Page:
Amish Apple Butter
Amish apple butter is a thick and smooth spread made from cooked apples, sugar, and spices. It is a traditional recipe that has been passed down for generations among the Amish community.
To make Amish apple butter, apples are first peeled, cored, and chopped into small pieces. They are then cooked down until they are soft and tender. The cooked apples are then blended until they form a smooth puree, namely applesauce.
Sugar and spices are added to the puree, and the mixture is cooked or baked for several hours until it thickens and darkens in color. The cooking process allows the sugars in the apples to caramelize and deepen the flavor of the butter.
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Oven Apple Butter from Applesauce
As previously mentioned in another post, my family consumed lots and lots of applesauce. Therefore, every autumn, the women in our family spent hours cutting and cooking numerous bushels of apples to transform them into applesauce. (We used a Victoria strainer to make applesauce.) It was a big job, and one we were relieved to have finished for another year.
And during the applesauce-making process, my mom would set some aside to create apple butter. It was like getting two birds with one stone (as the saying goes), to also can apple butter while we were cutting apples anyway.
I know that some families prefer the traditional method of cooking apples and making the butter in a large crock over an open flame. And others like to slow-cook their apple butter in a crock pot.
But we always made apple butter from applesauce and baked it in the oven.
So, there are numerous methods of making apple butter that works. And it doesn't really matter which method you use. The goal is to cook it for several hours to allow the moisture in the apples to evaporate, which thickens the mixture into a spreadable consistency. And it helps to intensify the flavors.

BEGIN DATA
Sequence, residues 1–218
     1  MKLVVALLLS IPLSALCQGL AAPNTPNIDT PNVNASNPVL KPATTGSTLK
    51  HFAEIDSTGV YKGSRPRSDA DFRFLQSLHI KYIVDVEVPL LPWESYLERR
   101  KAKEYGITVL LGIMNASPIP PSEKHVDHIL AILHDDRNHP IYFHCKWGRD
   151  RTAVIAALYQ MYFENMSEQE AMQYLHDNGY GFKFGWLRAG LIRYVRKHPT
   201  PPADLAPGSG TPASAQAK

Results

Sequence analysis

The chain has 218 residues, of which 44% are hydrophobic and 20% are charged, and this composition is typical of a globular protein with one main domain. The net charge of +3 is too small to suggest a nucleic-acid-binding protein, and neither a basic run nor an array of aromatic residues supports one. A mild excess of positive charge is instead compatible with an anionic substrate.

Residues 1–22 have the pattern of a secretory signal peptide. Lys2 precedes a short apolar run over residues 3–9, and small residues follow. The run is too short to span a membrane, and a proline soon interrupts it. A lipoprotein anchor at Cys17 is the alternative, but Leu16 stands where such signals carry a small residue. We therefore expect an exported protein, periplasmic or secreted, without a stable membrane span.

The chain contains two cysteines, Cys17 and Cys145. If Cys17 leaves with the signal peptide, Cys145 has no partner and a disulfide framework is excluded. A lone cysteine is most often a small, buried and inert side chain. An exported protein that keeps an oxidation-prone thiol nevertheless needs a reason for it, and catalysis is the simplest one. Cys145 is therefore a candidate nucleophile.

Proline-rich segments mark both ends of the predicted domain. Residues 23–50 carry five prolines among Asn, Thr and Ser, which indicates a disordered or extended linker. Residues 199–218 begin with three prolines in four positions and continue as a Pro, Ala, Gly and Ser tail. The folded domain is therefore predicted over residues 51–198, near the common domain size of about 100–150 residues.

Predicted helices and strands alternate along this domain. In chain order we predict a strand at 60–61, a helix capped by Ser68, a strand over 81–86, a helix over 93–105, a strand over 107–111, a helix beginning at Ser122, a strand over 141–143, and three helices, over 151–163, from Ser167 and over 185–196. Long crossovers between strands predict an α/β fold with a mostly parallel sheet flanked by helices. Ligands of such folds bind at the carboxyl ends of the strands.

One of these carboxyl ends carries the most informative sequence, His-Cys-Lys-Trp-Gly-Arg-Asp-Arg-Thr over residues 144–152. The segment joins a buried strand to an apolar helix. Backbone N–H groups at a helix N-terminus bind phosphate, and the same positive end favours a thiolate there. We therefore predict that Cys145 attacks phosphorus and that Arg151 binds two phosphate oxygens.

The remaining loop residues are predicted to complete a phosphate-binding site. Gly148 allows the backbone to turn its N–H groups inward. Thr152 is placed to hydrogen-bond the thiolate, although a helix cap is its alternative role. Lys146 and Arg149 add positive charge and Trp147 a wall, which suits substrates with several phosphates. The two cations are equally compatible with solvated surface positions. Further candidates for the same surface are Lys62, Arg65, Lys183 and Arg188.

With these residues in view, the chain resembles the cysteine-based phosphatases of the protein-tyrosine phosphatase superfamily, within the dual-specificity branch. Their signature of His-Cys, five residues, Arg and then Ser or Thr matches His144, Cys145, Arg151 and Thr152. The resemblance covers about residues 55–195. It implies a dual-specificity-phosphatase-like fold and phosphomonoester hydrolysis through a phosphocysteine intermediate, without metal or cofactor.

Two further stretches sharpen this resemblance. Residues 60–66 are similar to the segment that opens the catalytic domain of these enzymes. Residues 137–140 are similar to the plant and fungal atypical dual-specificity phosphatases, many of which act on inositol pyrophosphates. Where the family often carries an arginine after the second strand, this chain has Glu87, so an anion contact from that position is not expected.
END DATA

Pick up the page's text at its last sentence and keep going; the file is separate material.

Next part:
In this post, I am sharing my Amish mom's apple butter recipe. And it's up to you if you want to use fresh apples and turn them into a sauce. Or if you want to take the easy route and open a couple of cans of applesauce to turn it into apple butter. Either way will work.
Small Batch Apple Butter
My mom's apple butter recipe was for 16 cups of applesauce. However, I divided it in half to make a smaller batch. And if it's still too much for you, you can easily divide the recipe in half again.
This recipe for homemade Amish apple butter uses only cinnamon for spices. And it is delicious! However, I also love it with a bit more spices.
And this is where you can get creative and create a flavor profile that you will love. However, when adding more spices, it's important to be cautious and begin with smaller amounts as they can easily overpower the other flavors and ruin the taste. While cinnamon and cloves are typical additions, nutmeg and allspice are also popular choices.
Personally, I added 1/4 tsp each of cloves and allspice. But I recommend starting with 1/8 tsp of the spices you prefer and gradually increasing until you achieve your desired flavor.
Homemade apple butter doesn't have a very long shelf life, or should I say "refrigerator life". It will only be good in the refrigerator for a couple of weeks to a month.